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“We’re cruel to the characters we love”: The Last of Us Creators Explain Controversial ‘Kiss of Death’ Nightmare Fuel That Put Zack Snyder’s Zombie S-x Scene to Shame

The Last of Us Creators Explain Controversial ‘Kiss of Death’ Nightmare Fuel That Put Zack Snyder’s Zombie Sex Scene to Shame

This article contains spoilers for HBO’s The Last of Us

There are the lovers of disruption and chaos and then there are those like Zack Snyder and Craig Mazin who know how to channel that chaos into art. The latter’s latest HBO adaptation, The Last of Us, has just given the fans an excellent example of this thesis of disruption. After all, it’s not every day that something like the “kiss of death” is allowed to happen on television, let alone in an adaptation that has a source and an already established, headstrong, and protective fandom. In the aftermath of Episode 2, titled Infected, creators Craig Mazin and Neil Druckmann have given us a base to root our theories and make sense of the disturbing scene.

Bella Ramsey as Ellie in The Last of Us
Bella Ramsey and Anna Torv as Ellie and Tess in The Last of Us

Also read: While Pedro Pascal Sets the Stage on Fire as Joel, The Last of Us Star Troy Baker Wanted “Someone Else” To Play the Role

The Last of Us Creators Talk About the Episode 2 Sacrifice

To understand a sacrifice is to understand what is at stake. Without the latter, the impact of the former is entirely lost and it becomes a meaningless tragedy if there ever was one. In The Last of Us, the first major and impactful sacrifice comes when Tess kills herself along with a horde of the walking undead – the infected – in order to give Joel and Ellie a shot at surviving. The fate of the world was at stake since Ellie’s immunity holds the key to a cure. But it couldn’t have been an easy out for the doomed character of Tess, as Mazin then reveals the philosophy that went into creating these encounters between the infected and those that still remained human:

“[The infected] are violent because we resist, but what if you don’t? What does it look like if you just stand perfectly still and let them do this to you? Then we landed on this nightmare fuel. It’s disturbing and it’s violative. I think it’s very primal in the way it invades your own body. To use an overused word, it’s triggering.”

The Last of Us sacrifices Tess in a brutally disturbing scene
The Last of Us sacrifices Tess in a brutally disturbing scene

Also read: Brutal Moments From The Last of Us That The Show May Include

Neil Druckmann then supports that argument and merges it with the scene executed by Anna Torv:

“Because we’re cruel to the characters we love so much, it felt like she knows she’s done for, and then the lighter doesn’t work, and we take her all the way to the edge of horror before we finally give her an out.”

Anna Torv had brilliantly performed the scene and the effect was one that managed to trump even that one horrifying and ultimately deleted scene from Zack Snyder’s (there’s that disruption again) Army of the Dead. As was originally planned and filmed by the director, the scene included a male stripper who “had a huge pen*s with a bite taken out of it.” He was right in assuming “that was too much.”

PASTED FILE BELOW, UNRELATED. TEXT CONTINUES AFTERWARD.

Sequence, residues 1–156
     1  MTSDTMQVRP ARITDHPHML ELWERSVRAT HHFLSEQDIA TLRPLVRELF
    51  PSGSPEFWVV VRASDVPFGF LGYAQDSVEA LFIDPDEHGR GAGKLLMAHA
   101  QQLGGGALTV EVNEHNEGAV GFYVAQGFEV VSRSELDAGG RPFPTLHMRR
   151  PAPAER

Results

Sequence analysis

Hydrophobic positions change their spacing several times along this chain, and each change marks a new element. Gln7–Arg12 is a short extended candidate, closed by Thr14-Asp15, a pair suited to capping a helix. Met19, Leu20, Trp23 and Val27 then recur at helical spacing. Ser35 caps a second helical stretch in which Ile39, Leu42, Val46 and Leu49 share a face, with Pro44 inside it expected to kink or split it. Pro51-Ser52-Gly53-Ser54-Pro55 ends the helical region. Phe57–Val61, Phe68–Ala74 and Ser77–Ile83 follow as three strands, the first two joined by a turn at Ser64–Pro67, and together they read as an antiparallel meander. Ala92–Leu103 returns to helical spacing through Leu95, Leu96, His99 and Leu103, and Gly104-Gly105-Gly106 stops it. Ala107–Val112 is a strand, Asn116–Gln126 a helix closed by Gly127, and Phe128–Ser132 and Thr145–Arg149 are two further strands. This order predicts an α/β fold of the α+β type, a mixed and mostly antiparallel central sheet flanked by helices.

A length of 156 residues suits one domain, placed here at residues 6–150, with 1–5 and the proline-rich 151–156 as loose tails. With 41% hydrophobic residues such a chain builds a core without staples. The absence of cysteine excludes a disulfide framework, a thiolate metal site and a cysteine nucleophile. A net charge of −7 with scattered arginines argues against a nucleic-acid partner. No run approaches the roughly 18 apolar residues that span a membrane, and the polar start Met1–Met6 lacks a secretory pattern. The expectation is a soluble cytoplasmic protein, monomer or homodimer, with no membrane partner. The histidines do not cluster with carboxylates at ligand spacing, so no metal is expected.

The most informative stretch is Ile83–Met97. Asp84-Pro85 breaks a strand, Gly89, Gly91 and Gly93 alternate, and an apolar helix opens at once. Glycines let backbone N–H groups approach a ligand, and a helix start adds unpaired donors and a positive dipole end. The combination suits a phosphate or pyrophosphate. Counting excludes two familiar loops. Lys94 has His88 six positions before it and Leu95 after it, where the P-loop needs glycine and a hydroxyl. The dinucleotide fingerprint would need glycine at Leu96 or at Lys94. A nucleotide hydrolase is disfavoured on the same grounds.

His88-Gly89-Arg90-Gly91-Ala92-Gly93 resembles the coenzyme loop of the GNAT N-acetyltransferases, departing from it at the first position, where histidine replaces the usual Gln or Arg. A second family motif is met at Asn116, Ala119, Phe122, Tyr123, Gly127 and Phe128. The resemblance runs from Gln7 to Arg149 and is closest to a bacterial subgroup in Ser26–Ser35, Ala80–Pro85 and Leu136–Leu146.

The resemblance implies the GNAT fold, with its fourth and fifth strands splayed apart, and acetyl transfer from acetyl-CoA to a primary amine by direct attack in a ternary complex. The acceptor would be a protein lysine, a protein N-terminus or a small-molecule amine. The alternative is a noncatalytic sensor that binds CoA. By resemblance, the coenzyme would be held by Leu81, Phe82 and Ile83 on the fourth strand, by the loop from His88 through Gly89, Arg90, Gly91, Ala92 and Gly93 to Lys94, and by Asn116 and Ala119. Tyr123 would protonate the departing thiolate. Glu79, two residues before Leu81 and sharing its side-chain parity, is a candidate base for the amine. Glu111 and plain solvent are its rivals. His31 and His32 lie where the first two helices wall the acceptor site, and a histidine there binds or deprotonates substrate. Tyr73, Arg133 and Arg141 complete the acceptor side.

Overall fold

Why Was the “Kiss of Death” Scene So Disturbing?

The Last of Us introduces a different take on the infected
The Last of Us introduces a different take on the infected

Also read: 5 Heart-Breaking Moments from The Last Of Us That We Aren’t Ready To Relive

The infamous “kiss of death” has been on everybody’s mind because of the sheer unrefined intensity of it, the kind that sneaks up on the viewers leaving them paralyzed with the knowledge of what happened but unable to process or accept any of it. And consequently, it becomes the one thing that keeps one awake, becomes a “nightmare fuel”, and makes us look for a rationale behind the senselessness of the act.

But none of it actually matters because the fans are left helpless by this point. The creators have taken the game off the grid by digressing from the source and as such, all bets are off. Anything that happens after the trio arrives at the Capitol is meant to be a frame-by-frame unfolding of the events that eventually lead to Tess’s death. And yet, even in this rudderless and dispersed state, no mind is capable of comprehending the scene that was patiently lying in wait.

The “kiss of death” was disturbing exactly because it was so slow in its execution. The moment built up in an atmosphere of terror and the helplessness of one character in the face of it.

The Last of Us is now streaming at HBO Max.

Source: Variety

Written by Diya Majumdar

At 25, Diya Majumdar is inching closer to getting to the bottom of every film and television's history in existence. Having graduated with honors in literature from Miranda House, DU, her passion and profession both include dissecting the world of cinema, with more than 800 published articles on Fandomwire. She is a liberally opinionated person with an overbearing love for Monet, Edvard Munch, and Van Gogh and boasts of being an avid painter of all their troubled works.